by Matt Walsh
CANBERRA, Feb. 10 (Xinhua) -- A price hike for private health insurance is "absolutely" going to hurt everyday Australians, Prime Minister Malcolm Turnbull said Friday, after the nation's health minister approved an increase to health cover premiums of almost 5 percent from April 1.
The 4.84 percent increase comes after a cumulative increase of around 28 percent since 2012, and will result in families paying an additional 200 Australian dollars (150 U.S. dollars) - up to approximately 4,500 Australian dollars annually - for 'top level' cover, while singles will pay an additional 100 Australian dollars per year.
Turnbull said while the latest increase will "absolutely" hurt everyday Australians who choose to stick by their private health insurer, it was up to individuals to decide whether or not they continue to take up private health cover.
"That's a judgement they have to form on their own situation," Turnbull told Macquarie radio on Friday.
"My council would be that people should stay in private health insurance but people have to make their own decisions. But I would certainly encourage people to do so.
"The cost will be on average an extra two dollars per week for singles and four dollars for families."
"This rise (of 4.8 percent) is lower than each and every year under Labor governments but it is nonetheless at a time when household budgets are tight, every additional cost hurts."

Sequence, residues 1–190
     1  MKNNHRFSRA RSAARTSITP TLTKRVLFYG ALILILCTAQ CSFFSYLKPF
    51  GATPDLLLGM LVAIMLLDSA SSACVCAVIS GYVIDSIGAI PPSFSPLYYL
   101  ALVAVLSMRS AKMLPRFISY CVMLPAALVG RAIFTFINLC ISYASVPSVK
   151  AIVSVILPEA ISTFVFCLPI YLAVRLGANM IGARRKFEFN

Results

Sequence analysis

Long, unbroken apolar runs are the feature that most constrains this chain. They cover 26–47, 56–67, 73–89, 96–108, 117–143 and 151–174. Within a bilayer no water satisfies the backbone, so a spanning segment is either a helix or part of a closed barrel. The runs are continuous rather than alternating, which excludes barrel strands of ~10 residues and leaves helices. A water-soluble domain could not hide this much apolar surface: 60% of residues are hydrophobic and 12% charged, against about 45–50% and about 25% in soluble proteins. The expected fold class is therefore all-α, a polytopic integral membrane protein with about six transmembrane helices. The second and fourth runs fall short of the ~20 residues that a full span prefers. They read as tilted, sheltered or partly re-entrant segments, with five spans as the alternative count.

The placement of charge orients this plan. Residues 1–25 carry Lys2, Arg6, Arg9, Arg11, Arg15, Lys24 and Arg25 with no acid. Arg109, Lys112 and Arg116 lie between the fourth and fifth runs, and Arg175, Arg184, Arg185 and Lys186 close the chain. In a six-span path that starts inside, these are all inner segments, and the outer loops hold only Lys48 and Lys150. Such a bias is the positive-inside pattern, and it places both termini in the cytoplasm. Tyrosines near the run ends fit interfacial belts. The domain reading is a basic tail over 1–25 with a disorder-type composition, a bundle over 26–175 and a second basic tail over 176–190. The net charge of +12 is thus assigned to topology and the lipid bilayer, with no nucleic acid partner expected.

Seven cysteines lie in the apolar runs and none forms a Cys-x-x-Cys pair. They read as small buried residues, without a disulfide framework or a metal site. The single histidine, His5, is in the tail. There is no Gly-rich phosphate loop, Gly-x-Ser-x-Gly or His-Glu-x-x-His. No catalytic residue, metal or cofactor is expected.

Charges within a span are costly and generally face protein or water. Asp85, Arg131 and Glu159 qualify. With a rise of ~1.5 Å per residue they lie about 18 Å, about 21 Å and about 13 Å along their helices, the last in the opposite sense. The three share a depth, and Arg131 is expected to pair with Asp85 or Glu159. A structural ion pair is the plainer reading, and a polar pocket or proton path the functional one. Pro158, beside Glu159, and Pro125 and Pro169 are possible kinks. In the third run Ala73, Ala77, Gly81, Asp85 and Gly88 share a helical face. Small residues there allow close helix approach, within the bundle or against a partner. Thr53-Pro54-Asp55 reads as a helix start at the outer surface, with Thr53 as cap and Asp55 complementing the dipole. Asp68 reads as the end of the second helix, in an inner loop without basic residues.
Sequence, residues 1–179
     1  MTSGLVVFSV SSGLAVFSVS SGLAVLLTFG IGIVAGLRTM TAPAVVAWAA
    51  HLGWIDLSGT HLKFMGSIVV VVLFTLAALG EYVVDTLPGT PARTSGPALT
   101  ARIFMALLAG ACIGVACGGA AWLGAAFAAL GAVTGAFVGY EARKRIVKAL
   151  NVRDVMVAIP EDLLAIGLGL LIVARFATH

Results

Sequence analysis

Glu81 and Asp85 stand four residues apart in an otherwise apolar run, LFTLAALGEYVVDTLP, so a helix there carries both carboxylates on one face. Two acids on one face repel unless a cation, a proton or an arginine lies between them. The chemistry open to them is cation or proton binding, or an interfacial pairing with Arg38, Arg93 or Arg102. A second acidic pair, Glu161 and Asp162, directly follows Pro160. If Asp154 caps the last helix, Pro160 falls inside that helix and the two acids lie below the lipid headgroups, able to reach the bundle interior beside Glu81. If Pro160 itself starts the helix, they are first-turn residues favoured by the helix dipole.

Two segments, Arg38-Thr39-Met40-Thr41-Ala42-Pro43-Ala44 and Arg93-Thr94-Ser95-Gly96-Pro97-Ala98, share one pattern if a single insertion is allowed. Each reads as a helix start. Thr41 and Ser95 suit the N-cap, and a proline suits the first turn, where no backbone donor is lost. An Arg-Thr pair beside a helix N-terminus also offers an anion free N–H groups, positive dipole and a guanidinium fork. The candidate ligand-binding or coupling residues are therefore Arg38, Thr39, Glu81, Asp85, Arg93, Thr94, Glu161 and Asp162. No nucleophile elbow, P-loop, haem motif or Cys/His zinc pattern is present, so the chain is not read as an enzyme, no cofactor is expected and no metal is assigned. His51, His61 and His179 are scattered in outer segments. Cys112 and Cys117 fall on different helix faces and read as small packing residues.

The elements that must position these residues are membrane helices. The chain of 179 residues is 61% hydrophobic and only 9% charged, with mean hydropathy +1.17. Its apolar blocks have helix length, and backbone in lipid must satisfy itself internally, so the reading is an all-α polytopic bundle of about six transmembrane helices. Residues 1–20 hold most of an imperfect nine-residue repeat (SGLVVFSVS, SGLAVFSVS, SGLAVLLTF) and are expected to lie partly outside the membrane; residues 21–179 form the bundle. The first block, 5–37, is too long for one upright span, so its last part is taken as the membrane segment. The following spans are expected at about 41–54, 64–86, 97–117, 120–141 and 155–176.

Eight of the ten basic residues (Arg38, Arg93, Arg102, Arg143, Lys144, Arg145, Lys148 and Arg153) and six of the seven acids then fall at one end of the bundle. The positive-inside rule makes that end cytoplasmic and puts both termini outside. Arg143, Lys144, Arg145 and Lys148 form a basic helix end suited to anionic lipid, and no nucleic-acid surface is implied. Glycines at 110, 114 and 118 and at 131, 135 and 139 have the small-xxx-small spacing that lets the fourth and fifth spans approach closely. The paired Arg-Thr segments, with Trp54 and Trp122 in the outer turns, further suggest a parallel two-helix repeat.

"Containing health costs is critically important."
Turnbull said there were "a number of factors" for the increase, including labor wages and the cost of researching, purchasing and implementing new and improved healthcare technology.
"Obviously labor costs are increasing, but so is an increase in technology. We're spending more money on health technology and more money on prosthesis, implants, hip replacements, knees," Turnbull said.
In the government's official statement released on Friday, Health Minister Greg Hunt said this year's rise was inevitable, but the government aim to "get better value" for Australian families next year.
"I realize cost of living pressures are a major concern for Australian families. Although this is the lowest increase in a decade, I am determined that more can be done to get better value for families," Hunt said in a statement.
"As the new Health Minister, I will work with insurers over the next year to find ways insurers can deliver more value for customers without compromising on the quality of cover."
The opposition criticized Hunt's approval of the price rise. Opposition health spokeswoman Catherine King said it was hard to justify a price hike when, last year, the Private Health Insurance Ombudsman received more than 4,400 complaints - a 30 percent increase on the previous year.
"Australians are paying more than ever for their private health insurance but they are getting less and less, and the Liberals have done absolutely nothing to help families with the costs of health," King said.
"This increase comes on top of some of the highest premium increases on record, spiraling complaints against private health insurers and Australians increasingly discovering they are simply not covered for basic inclusions in their policies."
"The new health minister is joking if he thinks this is good news."